Both Cole and A.O. Scott (The New York Times) also recognise the essential thematic basis to the film, overlooked by many other critics, of white privilege. In Connie’s rampant exploitation of those around him, it is ethnic minorities who bear his brunt most obviously. The film’s most astute delivery of its thesis is also its best moment. The heist scene towards its beginning is notable for the masks the protagonists wear – not clowns or former presidents, but a sort of rubberized blackface. The distinctly uncanny valley look of these masks is off-putting enough as it is, but more so is the idea that the best disguise available to two white criminals is simply to be black. Connie later abuses the kindness of a Caribbean immigrant, both stealing her car and misleading her daughter; and finally beats and drugs a Somalian security guard. In every space he occupies, he takes command – using his knowledge of police injustice to further enable his adverse behaviour.
Beyond this grounded thematic base, Good Time is somewhat less stark visually. Aided by cinematographer Sean Price Williams, the New York of this film is saturated and luminous, available light channelled and exaggerated. Greens and reds splay across character’s faces, televisions brighten dark rooms, storefronts glow in the street. The camera itself typically functions in close-up, forcing a sense of claustrophobia and tension throughout. Some (such as Indiewire’s David Ehrlich) have compared the film to Enter the Void visually, but Good Time is rather more reticent with its psychedelic potential. There is a scene in which Connie searches a ‘haunted house’ ride for a bottle of liquid acid, but the Safdies don’t push this scene down the rabbit-hole. Their doing so would have been welcome. Supporting the ever-building tension is the soundtrack, by the ever-brilliant Oneohtrix Point Never. His progressive electronic music, reminiscent of the classic work of Tangerine Dream, ensures that no scene drops the pace and that the building pressure doesn’t let up.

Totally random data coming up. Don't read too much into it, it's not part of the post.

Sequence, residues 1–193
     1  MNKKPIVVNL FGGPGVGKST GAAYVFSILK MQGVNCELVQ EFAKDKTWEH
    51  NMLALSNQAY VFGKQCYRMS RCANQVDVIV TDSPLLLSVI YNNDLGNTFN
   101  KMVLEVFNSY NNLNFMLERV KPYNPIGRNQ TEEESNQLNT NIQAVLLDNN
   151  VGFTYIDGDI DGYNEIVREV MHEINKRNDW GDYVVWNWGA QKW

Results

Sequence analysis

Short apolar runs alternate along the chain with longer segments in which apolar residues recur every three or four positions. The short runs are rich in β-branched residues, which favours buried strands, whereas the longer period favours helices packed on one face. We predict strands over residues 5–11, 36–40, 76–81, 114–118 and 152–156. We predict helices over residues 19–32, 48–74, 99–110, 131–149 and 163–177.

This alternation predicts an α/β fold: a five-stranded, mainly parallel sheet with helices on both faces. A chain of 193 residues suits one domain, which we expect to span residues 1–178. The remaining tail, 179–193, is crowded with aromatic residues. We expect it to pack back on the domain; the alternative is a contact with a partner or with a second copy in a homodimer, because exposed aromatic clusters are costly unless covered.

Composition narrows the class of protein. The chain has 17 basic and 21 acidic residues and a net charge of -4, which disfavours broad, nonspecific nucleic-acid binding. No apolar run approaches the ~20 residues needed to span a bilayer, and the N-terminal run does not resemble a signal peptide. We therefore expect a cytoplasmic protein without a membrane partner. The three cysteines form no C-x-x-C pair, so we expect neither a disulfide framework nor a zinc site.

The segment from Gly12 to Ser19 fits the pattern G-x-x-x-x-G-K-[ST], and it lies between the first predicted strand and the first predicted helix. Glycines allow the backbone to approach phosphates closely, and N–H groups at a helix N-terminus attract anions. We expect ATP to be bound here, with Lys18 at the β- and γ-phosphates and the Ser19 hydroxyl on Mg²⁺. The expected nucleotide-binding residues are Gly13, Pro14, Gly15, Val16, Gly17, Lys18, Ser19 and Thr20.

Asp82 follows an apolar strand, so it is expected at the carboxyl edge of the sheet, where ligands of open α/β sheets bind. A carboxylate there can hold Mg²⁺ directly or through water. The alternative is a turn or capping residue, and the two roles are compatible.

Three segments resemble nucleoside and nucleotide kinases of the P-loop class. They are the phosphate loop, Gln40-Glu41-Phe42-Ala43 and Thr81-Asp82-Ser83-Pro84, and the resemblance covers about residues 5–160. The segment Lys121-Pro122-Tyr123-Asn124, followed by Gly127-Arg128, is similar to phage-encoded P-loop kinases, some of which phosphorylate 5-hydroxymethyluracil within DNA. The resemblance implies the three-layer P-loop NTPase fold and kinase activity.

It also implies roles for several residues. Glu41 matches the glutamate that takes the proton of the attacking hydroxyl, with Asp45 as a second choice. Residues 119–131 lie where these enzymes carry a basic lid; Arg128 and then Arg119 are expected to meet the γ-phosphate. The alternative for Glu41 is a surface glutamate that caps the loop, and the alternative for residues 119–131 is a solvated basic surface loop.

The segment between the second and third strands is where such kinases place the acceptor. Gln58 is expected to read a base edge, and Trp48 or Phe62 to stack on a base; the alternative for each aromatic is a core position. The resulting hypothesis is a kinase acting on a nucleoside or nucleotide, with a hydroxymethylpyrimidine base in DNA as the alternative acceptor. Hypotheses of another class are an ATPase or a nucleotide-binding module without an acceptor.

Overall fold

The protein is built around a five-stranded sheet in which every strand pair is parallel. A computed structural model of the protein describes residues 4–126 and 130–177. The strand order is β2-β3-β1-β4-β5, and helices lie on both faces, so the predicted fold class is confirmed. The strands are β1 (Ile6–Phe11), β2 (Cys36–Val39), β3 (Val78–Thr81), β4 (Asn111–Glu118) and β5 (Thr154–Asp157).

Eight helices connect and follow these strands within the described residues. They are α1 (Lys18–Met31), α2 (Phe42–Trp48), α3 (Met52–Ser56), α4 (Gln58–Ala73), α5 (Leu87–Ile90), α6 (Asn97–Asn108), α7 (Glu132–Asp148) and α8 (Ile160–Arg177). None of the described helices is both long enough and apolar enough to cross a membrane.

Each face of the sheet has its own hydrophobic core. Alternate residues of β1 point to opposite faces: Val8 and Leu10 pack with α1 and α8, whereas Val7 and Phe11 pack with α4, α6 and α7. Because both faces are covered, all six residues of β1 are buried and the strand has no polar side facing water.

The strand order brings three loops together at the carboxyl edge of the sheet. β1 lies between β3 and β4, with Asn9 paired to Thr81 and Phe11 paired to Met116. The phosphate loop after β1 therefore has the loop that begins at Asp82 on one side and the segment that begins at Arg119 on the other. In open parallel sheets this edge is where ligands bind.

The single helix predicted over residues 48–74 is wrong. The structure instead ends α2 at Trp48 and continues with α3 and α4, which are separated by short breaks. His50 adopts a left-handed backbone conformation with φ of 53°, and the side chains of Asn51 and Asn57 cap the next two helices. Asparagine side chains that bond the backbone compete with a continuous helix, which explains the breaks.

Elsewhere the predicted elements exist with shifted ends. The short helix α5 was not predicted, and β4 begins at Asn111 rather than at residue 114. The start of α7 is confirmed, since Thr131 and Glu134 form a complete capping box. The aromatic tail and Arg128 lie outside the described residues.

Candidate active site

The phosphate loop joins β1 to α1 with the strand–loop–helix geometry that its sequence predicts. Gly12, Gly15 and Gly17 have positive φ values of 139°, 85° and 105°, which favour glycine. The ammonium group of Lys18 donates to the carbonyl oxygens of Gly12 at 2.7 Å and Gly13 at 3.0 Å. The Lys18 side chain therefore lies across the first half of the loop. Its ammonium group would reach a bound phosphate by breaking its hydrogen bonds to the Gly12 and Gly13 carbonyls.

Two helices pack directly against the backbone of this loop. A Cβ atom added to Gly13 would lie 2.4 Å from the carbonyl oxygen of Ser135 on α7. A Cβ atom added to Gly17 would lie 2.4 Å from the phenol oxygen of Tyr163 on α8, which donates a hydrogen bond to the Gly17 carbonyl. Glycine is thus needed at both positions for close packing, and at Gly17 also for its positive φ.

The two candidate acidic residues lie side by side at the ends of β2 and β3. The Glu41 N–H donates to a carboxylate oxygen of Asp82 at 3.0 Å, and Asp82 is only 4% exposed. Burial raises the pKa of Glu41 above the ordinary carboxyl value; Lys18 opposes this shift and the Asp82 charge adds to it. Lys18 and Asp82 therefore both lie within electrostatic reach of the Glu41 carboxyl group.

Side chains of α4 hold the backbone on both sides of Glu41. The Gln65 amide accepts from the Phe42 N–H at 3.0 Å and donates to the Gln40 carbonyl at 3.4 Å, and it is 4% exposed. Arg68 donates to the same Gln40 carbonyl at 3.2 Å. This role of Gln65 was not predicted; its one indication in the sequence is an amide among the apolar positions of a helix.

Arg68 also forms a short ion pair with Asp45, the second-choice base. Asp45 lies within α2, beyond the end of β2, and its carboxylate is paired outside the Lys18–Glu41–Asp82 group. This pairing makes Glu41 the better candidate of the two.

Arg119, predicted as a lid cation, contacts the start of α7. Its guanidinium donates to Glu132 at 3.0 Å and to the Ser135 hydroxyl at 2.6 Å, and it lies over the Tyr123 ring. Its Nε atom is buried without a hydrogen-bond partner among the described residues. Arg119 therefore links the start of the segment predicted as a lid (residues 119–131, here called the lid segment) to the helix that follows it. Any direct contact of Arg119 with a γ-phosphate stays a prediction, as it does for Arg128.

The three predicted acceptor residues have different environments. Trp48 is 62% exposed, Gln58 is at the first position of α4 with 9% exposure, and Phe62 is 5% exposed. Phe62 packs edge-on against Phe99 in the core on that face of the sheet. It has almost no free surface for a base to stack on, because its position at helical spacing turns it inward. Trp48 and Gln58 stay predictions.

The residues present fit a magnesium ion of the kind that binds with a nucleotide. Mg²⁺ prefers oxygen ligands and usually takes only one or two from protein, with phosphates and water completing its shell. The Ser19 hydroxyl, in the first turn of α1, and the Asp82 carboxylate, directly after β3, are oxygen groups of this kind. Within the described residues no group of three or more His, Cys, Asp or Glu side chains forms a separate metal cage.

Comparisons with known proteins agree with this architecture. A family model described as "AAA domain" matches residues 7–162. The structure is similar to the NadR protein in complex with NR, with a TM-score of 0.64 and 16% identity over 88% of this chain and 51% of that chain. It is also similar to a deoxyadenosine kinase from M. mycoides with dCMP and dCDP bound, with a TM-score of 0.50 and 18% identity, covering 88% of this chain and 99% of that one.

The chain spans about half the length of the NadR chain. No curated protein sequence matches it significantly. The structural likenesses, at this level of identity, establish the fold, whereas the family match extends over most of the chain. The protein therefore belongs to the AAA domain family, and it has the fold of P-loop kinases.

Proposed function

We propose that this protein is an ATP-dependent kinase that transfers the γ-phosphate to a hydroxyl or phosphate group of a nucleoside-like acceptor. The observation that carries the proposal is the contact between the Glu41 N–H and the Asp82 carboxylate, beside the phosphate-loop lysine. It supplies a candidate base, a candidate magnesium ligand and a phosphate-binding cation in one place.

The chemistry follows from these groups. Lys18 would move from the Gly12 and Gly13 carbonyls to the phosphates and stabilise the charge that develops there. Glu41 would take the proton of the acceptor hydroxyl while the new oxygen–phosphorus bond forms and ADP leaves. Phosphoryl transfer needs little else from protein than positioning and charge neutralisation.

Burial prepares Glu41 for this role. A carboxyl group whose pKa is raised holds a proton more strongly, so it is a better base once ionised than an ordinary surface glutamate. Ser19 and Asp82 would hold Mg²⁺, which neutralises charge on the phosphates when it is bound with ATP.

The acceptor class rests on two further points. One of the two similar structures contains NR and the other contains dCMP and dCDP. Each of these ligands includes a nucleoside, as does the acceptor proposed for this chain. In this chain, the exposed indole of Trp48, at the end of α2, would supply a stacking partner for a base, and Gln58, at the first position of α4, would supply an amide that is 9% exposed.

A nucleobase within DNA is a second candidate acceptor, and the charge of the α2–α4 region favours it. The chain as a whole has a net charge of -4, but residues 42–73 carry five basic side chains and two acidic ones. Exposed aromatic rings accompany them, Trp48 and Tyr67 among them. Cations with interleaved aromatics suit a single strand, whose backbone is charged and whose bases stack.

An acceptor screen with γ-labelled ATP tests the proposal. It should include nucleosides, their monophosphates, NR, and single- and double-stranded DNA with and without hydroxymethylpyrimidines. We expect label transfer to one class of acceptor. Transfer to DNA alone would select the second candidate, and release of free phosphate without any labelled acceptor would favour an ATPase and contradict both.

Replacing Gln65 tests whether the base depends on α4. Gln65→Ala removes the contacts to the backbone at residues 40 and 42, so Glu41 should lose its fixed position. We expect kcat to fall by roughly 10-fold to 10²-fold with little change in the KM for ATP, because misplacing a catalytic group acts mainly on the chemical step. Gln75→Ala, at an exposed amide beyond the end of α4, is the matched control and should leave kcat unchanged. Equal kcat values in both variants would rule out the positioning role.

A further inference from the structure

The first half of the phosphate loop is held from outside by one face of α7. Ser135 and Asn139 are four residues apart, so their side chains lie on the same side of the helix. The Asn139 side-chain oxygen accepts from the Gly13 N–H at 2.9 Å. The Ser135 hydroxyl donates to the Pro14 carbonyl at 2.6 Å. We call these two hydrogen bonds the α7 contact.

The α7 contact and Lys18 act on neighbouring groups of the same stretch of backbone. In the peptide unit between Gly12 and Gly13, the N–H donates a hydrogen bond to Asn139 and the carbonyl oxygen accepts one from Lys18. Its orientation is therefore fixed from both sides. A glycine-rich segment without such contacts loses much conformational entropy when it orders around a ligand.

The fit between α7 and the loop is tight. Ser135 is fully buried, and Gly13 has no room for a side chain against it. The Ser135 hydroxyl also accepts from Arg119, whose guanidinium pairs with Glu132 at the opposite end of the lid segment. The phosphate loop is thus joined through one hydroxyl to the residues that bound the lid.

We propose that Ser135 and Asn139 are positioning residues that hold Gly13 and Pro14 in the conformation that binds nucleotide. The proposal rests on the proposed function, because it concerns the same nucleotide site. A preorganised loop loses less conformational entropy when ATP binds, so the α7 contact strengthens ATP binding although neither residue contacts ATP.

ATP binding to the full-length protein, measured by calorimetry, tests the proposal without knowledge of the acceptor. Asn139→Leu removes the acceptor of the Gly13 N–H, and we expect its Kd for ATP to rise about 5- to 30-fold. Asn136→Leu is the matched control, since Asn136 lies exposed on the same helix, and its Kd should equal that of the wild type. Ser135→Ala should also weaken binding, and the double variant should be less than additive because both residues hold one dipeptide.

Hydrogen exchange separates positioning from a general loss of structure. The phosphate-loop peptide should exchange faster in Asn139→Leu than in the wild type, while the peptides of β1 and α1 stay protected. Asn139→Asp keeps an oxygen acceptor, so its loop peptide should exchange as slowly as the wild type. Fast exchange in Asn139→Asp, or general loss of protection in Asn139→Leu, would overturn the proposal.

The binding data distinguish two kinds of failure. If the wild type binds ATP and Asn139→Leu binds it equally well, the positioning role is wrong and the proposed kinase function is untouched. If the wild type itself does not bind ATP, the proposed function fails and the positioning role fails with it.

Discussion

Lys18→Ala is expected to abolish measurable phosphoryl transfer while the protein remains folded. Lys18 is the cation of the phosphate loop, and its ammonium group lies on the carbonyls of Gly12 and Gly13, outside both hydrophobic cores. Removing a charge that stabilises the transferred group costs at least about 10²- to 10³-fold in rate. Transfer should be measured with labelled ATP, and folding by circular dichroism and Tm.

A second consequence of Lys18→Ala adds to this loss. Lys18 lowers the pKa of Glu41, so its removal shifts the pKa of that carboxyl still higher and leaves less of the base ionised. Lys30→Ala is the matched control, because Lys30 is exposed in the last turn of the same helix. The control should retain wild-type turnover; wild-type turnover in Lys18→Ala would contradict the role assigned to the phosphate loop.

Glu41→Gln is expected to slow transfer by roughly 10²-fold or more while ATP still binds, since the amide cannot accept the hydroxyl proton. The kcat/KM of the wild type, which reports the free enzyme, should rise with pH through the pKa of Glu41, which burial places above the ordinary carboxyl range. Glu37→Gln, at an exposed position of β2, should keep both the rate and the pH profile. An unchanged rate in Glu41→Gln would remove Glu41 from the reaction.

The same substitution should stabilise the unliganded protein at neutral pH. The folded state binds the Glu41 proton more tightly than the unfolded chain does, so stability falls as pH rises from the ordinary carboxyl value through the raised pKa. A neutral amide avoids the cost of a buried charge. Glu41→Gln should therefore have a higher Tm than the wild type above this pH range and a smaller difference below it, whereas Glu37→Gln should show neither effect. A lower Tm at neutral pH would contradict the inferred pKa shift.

It has to make up for a plot that sometimes isn’t quite as tight as a film like this demands. After being imprisoned for a little while Nick is, predictably, beaten up and transferred to a hospital. Connie attempts to break him out, but in his inexorable cocktail of bad luck and stupidity fails this task, so he resorts to a barely-related plot to sell a bottle of discarded LSD. While this section of the film is somewhat engaging in its own right, it lacks the immediacy or necessity that was apparent earlier. His brother is not in direct threat so long as he remains in hospital, so Connie’s urgency to sell his newly acquired gear is questionable at best. Yet despite this, and some other shortcomings, Good Time ultimately delivers on its title’s promise (to the audience, at least). Eminently stylish without losing its theoretic basis, it’s a film that anticipates greatness in the Safdie brothers, even if that lies a little out of reach for the time being. Watch this space.
Good Time is out now in UK cinemas. Trailer below.